REVIEW: ‘The Medium’ Captures You Until it Doesn’t (XSX)

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The Medium

The Medium is the latest psychological horror game from Polish studio Bloober Team. Known for its immersive games that span the woods, cyberpunk, and claustrophobic hallways, the team has expanded on its usual bag of tricks with the introduction of dual reality.

In The Medium, players will play as Marianne, a medium gifted with a number of psychic abilities. As her, you explore the real and spirit world both alternatively and simultaneously to uncover a dark mystery masked by disturbing secrets, sinister spirits, and devious puzzles only a medium can solve. To talk about the game’s story is hard, especially without giving spoilers.

The beginning of The Medium is centered on grief, with Marianne processing the death of someone close to her. This introductory level teaches the player how to interact with the environment, use their powers, and showcases how Marianne uses her gifts to help spirits leave our world. It also gives players their first glimpse into the other side of reality, the place where the spirits exist. It’s filled with fire and brimstone and all sorts of devilish aesthetics.

After the introduction, Marianne answers a call from a mystery man, bringing her to the abandoned Niwa Government Resort, where the bulk of the game takes place. With all the best horror elements an abandoned hotel can provide, your time at Niwa is spent exploring and learning about a long-buried tragedy. It’s a tragedy both personal and tied to the history of the place itself. To accomplish this, you must research the mystery, collecting notes and interacting with the shattered memories that linger in the rooms.

The dilapidated old resort is a hotbed of supernatural activity that rings through objects as echos that you can replay to piece together the pain that was experienced there. Each echo and supernatural element she experiences pushes Marianne to utilize her powers to discover hidden elements in the hotel. While her powers help her interact with the hotel, you also utilize the second reality to access areas obstructed in the material world by spirit walking – leaving your body stationary in the material world as you explore the spiritual one. This element of the game’s dual reality tells the story while using the mechanic to its fullest. Additionally, when fixing each of the memories that you come across adds to the dual reality as well by having Marianne interact with an object in the material world and then reconstruct it in the spiritual one.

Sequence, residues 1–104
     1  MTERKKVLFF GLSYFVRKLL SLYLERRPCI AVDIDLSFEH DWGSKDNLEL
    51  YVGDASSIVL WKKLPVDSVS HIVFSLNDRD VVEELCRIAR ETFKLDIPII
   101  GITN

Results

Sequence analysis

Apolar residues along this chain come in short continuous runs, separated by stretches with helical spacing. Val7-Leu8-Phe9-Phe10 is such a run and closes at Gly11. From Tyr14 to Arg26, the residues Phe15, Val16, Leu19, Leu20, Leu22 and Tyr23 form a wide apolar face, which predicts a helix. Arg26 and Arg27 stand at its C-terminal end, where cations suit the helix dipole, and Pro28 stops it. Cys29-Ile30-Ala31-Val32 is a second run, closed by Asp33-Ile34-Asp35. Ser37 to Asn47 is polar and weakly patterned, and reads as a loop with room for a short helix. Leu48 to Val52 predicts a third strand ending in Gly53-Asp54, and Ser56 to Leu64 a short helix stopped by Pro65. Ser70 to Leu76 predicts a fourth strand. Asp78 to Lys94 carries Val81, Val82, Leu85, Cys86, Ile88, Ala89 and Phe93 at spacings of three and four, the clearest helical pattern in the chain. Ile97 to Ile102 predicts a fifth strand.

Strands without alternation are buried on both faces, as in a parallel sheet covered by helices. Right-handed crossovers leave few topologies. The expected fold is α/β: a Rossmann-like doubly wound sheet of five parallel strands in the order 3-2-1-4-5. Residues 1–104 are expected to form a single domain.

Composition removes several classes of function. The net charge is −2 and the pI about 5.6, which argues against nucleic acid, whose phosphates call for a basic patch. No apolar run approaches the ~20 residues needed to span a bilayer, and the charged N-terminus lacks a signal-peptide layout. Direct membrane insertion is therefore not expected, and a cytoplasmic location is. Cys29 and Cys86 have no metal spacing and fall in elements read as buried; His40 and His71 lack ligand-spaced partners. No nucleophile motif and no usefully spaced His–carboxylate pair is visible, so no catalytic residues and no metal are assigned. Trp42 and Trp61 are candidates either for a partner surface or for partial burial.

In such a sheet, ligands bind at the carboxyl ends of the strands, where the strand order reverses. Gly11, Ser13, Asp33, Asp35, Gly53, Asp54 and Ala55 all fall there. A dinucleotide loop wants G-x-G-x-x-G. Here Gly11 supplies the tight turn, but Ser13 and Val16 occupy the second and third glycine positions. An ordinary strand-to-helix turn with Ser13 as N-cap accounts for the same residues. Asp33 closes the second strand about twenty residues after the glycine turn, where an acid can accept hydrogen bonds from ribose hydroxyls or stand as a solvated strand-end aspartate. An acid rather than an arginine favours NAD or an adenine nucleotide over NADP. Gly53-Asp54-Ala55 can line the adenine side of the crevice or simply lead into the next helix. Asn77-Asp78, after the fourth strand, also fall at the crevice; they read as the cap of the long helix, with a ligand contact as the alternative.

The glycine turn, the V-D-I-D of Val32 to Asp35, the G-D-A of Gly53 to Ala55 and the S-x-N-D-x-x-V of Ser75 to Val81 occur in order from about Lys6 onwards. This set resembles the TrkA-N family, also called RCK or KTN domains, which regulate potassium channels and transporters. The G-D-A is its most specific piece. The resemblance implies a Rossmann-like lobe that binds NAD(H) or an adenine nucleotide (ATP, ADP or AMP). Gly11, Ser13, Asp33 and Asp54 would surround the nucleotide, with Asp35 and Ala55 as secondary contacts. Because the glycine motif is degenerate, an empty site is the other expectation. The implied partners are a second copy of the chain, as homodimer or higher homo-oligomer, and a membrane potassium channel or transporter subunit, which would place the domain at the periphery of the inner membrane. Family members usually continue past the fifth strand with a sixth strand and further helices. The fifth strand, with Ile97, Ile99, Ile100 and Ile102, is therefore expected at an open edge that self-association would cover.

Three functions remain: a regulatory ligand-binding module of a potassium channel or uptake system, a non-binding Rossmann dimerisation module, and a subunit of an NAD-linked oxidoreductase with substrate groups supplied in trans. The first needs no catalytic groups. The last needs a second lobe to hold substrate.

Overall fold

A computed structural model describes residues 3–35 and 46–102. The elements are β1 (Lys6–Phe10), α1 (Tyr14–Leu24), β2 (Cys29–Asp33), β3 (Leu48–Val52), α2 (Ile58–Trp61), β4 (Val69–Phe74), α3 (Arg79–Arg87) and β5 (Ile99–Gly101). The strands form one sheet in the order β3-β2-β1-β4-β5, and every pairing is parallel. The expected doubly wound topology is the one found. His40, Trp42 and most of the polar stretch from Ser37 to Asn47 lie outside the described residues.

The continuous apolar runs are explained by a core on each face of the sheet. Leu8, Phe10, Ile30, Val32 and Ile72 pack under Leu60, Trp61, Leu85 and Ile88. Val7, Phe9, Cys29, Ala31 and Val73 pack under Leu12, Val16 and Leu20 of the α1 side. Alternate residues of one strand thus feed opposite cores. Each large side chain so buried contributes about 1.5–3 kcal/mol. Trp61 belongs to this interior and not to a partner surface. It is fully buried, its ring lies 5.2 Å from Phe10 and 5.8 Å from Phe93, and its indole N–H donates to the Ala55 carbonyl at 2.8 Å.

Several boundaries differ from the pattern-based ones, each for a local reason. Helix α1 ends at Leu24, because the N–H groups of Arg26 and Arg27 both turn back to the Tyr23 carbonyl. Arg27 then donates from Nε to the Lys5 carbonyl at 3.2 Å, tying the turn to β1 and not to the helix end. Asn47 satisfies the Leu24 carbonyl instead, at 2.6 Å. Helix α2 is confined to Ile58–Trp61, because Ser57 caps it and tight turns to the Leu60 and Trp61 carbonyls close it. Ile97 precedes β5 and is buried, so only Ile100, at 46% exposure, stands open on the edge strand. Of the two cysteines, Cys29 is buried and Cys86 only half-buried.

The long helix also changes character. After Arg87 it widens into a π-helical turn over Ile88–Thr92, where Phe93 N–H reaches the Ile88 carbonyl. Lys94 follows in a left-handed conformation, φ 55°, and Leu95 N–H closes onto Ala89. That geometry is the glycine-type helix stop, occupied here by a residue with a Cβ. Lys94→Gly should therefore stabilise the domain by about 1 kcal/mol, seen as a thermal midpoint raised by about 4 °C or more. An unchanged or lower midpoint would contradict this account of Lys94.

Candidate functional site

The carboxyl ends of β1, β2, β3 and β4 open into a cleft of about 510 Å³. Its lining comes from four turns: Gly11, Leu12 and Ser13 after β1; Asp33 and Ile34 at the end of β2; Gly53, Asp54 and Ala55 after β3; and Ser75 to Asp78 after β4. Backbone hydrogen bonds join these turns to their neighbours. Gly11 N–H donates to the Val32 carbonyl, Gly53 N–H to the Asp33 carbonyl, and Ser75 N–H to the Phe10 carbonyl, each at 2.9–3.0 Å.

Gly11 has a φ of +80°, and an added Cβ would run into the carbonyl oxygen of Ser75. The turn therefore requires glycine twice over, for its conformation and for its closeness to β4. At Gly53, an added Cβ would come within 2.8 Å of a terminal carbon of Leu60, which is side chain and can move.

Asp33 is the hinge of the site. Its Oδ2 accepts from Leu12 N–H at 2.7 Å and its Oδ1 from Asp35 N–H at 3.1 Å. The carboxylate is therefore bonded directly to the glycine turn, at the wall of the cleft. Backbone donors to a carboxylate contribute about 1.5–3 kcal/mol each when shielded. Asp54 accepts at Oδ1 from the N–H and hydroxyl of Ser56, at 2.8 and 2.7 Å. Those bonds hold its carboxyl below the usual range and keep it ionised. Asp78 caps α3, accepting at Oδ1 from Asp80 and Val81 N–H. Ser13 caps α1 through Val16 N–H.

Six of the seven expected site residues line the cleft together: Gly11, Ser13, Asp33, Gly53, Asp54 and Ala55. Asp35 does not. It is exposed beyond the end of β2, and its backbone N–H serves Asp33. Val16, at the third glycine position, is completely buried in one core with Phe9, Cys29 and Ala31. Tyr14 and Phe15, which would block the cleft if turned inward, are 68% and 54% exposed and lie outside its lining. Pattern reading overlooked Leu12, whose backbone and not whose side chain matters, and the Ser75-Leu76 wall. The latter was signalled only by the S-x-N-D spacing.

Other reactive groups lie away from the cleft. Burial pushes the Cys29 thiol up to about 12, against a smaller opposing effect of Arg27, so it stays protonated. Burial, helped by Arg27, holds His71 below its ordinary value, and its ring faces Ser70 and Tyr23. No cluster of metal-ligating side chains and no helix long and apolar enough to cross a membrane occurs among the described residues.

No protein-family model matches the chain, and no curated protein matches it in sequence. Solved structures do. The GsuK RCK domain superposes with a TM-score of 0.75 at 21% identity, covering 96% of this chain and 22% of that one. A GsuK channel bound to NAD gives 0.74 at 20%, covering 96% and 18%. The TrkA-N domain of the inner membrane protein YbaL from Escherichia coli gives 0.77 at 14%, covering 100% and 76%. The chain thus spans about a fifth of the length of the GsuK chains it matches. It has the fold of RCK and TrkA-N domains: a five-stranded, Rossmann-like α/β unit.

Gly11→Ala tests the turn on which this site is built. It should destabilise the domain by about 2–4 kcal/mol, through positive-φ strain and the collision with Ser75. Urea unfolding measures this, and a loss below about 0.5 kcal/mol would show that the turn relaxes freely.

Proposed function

The Medium

But the most important mechanic of the two worlds is that what happens to you in one world happens to you in the other. By breaking the barrier between them, and seeing it be broken, you realize that nowhere is safe from the Maw, the del Torian monster that stalks you through certain parts. While some will find the flashing transitions between worlds pleasantly unsettling, others may find it induces motion sickness, which was my experience. To be honest, while the dual reality is visually interesting and used to its fullest from a mechanics standpoint, the two simultaneous worlds being on the screen made it hard to play at times. For the cinematics, it adds awareness and eerie quality to the game, but for the gameplay itself, it’s slightly too distracting. When coupled with the transitions to the spirit world, it’s not the easiest to play.

That said, Bloober Team does a good job of not relying on the dual reality too much. Instead, The Medium balances the use of this element against traditionally effective and immersive techniques like lighting, shifting surroundings, and a static camera. The importance of the atmosphere in The Medium can’t be understated and every element of the level design and character design exists to push the fear and tension. From the limited field of vision to the small light attached to your chest, your knowledge of your surroundings is limited. Even when walking down narrow hallways, there are elements that remain unseen.